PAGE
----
SAN FRANCISCO — Google Inc. on Monday settled a patent infringement lawsuit filed by rival Yahoo Inc. over online advertising technology, eliminating a key investor concern before the Internet search company's ballyhooed initial public offering.
But the deal has a downside: Google expects to post a loss in its first quarter as a public company.
"That definitely is going to be eye-opening for some people, thinking you're buying into this fast-growing, highly profitable Internet company, then having a loss pop up their first quarter as a publicly traded company," said Scott Kessler, an Internet analyst with Standard & Poor's. "But I think the savvier investors will take that with a grain of salt."
The settlement and the resulting noncash charge of $260 million to $290 million are the latest hiccups in an IPO that has lost some of its shine recently. Silicon Valley and Wall Street had salivated over Google's debut as a public firm, but procedural delays and an estimated share price of $108 to $135 have soured many on the deal.
The Yahoo lawsuit threatened Google's primary source of income: targeted ads delivered next to search-engine results. Yahoo took up the case last year after it bought Pasadena-based Overture Services Inc., which had filed the suit accusing Google of misappropriating the patented system advertisers use to bid on keywords.
In the settlement, Google, of Mountain View, Calif., agreed to hand over 2.7 million shares of its stock. At the top of Google's estimate, Yahoo's stake would be worth $365 million.
Citing the so-called quiet period before its IPO, Google declined to elaborate on why that amount differed from the size of the charge it expected to take.
"This is absolutely a monkey off Google's back," said Nate Elliott, an associate analyst with Jupiter Research. "Any time the basis for your business model is patented by someone else, it's worrisome."
Nearly 98% of Google's revenue comes from search-related ads. The market for such ads is expected to grow to $5.5 billion in 2009, from $1.9 billion last year, according to a Jupiter Research report released Monday.
Once close partners in chasing those dollars, Google and Yahoo are now bitter rivals -- not an uncommon metamorphosis in Silicon Valley, where technological alliances are routinely forged and broken.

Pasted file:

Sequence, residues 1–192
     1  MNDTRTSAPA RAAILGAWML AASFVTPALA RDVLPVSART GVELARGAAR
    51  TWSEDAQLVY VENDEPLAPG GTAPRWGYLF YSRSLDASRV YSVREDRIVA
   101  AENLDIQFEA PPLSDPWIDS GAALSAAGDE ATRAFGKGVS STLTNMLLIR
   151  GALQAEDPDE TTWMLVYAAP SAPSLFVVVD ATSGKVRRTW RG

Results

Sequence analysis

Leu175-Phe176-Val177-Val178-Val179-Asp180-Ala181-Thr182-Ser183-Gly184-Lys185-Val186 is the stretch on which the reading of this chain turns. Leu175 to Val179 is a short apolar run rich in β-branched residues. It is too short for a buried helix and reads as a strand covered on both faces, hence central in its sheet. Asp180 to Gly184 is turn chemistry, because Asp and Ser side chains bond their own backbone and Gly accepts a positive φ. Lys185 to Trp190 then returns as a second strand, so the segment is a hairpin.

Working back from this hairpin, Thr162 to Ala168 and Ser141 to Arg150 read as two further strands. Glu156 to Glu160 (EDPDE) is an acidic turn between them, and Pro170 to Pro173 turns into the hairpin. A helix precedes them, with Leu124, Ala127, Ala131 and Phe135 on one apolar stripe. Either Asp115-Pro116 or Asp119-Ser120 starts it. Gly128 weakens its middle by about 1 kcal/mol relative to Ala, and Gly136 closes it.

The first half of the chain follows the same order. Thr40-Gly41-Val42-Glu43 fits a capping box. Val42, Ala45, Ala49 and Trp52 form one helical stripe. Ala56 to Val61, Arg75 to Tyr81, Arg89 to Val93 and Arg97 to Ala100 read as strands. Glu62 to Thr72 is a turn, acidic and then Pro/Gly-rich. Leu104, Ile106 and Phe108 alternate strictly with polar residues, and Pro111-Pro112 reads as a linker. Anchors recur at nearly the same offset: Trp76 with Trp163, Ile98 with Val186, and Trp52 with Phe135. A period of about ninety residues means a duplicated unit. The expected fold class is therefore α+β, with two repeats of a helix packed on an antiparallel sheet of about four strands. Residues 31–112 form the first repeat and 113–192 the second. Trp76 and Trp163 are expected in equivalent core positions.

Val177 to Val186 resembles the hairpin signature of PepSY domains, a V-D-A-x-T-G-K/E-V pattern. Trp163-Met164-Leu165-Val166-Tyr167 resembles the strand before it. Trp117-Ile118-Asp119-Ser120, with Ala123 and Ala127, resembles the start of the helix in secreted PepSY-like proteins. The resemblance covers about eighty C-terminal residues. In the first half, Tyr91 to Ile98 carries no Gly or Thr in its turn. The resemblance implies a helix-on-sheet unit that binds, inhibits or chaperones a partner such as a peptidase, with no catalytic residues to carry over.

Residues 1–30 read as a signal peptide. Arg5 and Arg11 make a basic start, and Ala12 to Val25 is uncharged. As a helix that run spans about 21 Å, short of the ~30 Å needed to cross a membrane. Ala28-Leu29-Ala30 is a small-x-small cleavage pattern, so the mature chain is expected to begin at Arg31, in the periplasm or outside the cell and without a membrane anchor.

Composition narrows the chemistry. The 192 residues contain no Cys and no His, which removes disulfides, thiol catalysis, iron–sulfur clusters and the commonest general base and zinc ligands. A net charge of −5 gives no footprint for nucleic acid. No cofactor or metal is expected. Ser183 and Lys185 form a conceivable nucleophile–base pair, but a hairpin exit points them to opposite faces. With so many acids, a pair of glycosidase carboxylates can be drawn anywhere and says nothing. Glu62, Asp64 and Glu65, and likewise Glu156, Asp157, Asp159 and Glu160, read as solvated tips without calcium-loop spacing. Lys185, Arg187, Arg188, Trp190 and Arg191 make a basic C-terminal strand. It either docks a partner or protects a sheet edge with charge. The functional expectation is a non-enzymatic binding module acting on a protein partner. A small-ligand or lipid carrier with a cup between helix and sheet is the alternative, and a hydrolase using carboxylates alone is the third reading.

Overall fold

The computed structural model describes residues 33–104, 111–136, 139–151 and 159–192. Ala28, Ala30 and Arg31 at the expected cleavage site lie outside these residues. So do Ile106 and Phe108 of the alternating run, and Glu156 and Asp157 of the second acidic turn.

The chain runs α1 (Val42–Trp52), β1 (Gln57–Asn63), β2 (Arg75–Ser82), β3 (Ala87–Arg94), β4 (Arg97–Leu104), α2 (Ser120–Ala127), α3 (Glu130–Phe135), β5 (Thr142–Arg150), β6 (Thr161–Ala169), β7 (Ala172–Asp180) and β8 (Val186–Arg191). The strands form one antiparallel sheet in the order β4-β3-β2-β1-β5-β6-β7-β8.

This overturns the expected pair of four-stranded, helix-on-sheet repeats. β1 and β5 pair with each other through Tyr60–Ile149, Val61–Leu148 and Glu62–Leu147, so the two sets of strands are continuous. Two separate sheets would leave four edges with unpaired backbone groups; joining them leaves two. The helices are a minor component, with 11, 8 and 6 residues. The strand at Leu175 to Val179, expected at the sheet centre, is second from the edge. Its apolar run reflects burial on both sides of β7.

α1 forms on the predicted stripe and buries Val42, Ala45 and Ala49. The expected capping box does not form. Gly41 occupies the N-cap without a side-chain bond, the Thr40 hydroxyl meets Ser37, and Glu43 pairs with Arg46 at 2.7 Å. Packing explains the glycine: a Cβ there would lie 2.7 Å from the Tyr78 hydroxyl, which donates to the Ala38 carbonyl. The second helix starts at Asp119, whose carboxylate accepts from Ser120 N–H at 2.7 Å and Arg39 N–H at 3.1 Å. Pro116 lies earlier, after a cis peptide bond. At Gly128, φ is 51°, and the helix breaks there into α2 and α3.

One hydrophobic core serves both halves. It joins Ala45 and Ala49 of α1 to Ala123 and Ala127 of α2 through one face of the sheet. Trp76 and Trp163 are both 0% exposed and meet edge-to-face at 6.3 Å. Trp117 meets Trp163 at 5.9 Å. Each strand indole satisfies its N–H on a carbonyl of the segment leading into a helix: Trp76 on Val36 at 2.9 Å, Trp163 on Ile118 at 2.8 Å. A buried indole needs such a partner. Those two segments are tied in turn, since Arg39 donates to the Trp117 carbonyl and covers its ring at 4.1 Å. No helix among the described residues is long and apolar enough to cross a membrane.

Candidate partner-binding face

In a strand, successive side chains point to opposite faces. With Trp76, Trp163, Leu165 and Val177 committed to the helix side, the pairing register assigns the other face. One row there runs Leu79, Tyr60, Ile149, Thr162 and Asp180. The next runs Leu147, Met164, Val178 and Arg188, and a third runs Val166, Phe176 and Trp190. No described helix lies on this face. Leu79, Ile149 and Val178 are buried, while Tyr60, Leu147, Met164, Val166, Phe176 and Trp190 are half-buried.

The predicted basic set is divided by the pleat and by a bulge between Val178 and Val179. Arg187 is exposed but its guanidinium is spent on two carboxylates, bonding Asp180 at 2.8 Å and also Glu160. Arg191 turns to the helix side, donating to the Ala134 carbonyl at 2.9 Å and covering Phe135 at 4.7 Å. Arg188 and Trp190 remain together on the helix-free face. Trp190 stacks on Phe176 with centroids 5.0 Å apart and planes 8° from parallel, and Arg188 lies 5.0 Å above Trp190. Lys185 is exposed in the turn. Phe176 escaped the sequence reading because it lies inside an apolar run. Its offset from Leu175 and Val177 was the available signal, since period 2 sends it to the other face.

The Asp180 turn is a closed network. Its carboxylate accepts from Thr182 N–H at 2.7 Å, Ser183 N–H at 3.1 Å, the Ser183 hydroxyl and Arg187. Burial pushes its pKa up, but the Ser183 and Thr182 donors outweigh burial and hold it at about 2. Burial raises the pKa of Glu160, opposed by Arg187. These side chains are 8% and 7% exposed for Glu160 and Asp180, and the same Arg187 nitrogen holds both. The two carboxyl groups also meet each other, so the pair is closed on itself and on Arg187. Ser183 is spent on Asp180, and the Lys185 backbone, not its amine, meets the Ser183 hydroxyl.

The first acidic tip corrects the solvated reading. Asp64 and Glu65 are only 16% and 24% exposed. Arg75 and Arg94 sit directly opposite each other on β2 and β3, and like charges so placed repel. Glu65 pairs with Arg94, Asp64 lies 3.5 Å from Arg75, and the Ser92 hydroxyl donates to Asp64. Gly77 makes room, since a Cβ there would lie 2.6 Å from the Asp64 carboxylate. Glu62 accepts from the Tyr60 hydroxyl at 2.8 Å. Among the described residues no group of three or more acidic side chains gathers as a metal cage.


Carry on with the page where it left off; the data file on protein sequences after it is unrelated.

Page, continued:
Google's technology delivered search results on Yahoo's websites for years, until Yahoo executives realized they were ceding millions of dollars to Google. So Yahoo spent more than $2 billion to acquire Overture and Inktomi Corp., built its own search engine and, in February, dumped Google.
Monday's settlement gave Google a permanent license to the technology, for which Overture received a patent in 2001. Yahoo dropped its lawsuit, and Google abandoned a countersuit claiming the patent was invalid and unenforceable.
Google's lawyers have tried to anticipate investors' concerns about challenges to AdWords, its advertising program, said James D. Nguyen, an intellectual-property lawyer not involved with the case. With some firms upset over Google's practice of selling generic keywords similar to their names to the highest bidders, Google didn't wait for a lawsuit -- it asked a San Jose judge to declare the practice legal.
The Yahoo settlement "is another part of the legal maneuvering Google has done to shore up the rights to its keyword ads program in anticipation of its IPO," said Nguyen, a partner with Foley & Lardner in Century City.
Google said it expected to take the noncash charge in the third quarter, which would cut $100 million to $115 million from its income taxes. The net result would be a loss for the period ending Sept. 30.
Although Google hasn't set a specific timetable for its IPO, many investors believe it will happen later this month or in early September.
Sunnyvale, Calif.-based Yahoo said it planned to sell 1.6 million of its Google shares on the first day of trading, leaving it with 6.6 million shares. "We'll monitor the performance of the shares," Yahoo spokeswoman Nicki Dugan said. "We are pleased with the settlement."